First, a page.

When most people think of homeowners insurance, they think of the coverage they’d need if their house burned down. (With the recent fires in Lake County, insurance is a topic of some interest right now.) However, homeowners insurance covers far more than fire damage.
It can also cover structural damage caused by some water issues, a tree falling on your house and any number of other non-maintenance-related disasters. In some cases it will even cover plumbing or wiring, and you can always purchase a home warranty to cover maintenance-related issues for your appliances, heating and air conditioning, and more.
Most renters hear the term “homeowners insurance” and assume it isn’t for them. They’re wrong. While they may not own the structure they’re living in, they have a home where everything except the structure can be covered by a homeowners policy.
Let’s say a pipe bursts and water floods your house and destroys valuable personal property: this is typically covered by homeowners insurance. Should this happen to you, you’ll be really pleased if you’ve already taken the advice I’m about to give: do a walk-through of your home with a video camera and record your belongings with narration that describes each item’s value. If you have receipts for big purchases, capture images of those. Go into the kitchen and open the drawer that holds your grandmother’s silver serving set, and capture a good image of it. If your armoire is solid cherry and 150 years old, mention these details while you’re recording. If you remember details about where you bought expensive items and how much they cost, record it all. Trust me, ten years from now you will not remember those details. If you’re like me, you probably won’t remember them a week from now.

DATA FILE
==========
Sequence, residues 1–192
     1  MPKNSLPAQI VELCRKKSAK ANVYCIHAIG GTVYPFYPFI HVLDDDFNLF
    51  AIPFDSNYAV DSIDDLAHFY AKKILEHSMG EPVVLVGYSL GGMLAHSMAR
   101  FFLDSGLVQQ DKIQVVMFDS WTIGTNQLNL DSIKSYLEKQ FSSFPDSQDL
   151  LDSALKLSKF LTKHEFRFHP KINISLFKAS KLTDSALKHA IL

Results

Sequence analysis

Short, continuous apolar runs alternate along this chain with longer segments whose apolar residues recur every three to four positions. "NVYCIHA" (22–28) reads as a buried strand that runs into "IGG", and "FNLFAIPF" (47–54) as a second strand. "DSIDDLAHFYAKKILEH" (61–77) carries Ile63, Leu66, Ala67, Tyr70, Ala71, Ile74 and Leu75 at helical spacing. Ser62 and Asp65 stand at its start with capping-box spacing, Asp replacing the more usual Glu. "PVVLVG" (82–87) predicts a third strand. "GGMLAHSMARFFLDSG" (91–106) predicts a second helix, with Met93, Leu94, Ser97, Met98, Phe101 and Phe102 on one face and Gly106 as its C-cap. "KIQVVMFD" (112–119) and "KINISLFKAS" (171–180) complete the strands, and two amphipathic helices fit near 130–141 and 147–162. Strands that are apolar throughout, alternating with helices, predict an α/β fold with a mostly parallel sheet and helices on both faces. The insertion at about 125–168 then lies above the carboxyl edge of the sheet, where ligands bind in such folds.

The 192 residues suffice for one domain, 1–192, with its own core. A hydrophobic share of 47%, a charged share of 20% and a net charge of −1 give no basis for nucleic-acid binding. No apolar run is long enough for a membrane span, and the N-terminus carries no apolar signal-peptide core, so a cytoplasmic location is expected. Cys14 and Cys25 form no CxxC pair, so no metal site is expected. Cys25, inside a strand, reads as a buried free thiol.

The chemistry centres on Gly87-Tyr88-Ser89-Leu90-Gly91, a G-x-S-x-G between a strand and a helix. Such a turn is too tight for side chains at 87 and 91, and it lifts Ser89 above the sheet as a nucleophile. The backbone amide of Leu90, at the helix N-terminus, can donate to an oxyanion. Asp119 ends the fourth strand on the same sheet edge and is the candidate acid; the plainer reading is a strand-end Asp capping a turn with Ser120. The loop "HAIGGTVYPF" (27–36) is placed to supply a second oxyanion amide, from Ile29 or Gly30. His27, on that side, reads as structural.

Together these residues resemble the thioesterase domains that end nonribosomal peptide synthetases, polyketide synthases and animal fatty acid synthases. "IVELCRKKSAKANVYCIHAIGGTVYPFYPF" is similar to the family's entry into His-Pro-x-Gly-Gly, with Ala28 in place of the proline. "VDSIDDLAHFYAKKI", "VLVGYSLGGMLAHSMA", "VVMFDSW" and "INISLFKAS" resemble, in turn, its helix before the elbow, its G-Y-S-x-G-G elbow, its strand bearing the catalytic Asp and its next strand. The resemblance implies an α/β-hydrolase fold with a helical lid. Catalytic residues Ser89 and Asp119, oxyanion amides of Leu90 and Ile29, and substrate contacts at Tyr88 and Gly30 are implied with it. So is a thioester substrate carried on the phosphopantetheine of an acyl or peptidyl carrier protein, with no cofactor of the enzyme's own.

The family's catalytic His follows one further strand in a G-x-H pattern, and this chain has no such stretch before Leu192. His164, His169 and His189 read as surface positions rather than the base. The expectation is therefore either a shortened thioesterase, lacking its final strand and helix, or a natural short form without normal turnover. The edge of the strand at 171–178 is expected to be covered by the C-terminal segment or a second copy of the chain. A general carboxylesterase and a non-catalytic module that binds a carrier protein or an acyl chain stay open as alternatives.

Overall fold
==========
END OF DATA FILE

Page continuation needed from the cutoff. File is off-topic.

In addition to covering structural damage and damage to your home’s contents, homeowners insurance also includes liability coverage for things like a dog bite or a mailman’s slip and fall. It can even cover you, believe it or not, for things that have nothing to do with your home. For example, if you have a laptop stolen out of your car, the theft is unlikely to be covered by your auto policy, but it may be covered by your homeowners insurance. And if your son decides he’s had enough of the school bully and he knocks out the bully’s front teeth, your homeowners policy may cover that, too. You’ll notice I’m not promising your homeowners insurance covers all these situations—that is because every policy is different, and as painful as it is, you should read the whole policy and ask questions about information you don’t understand before signing the contract.
While I was researching this column, I spoke with Rob McAsey at Mark Davis Insurance. He let me know there’s a new clause in some homeowner policies called the brush warranty. The brush warranty says your insurance company won’t cover your home for wildfire damage if your home is within 100-200 feet of brush vegetation, even if the brush is on someone else’s property. Like I said, read the policy before paying for it.
I’ll share more about homeowners insurance next week. In the meantime, if you have questions about real estate or property management, please contact me at email@example.com or visit www.realtyworldselzer.com. If I use your suggestion in a column, I’ll send you a $5.00 gift card to Schat’s Bakery. If you’d like to read previous articles, visit my blog at www.richardselzer.com. Dick Selzer is a real estate broker who has been in the business for more than 40 years.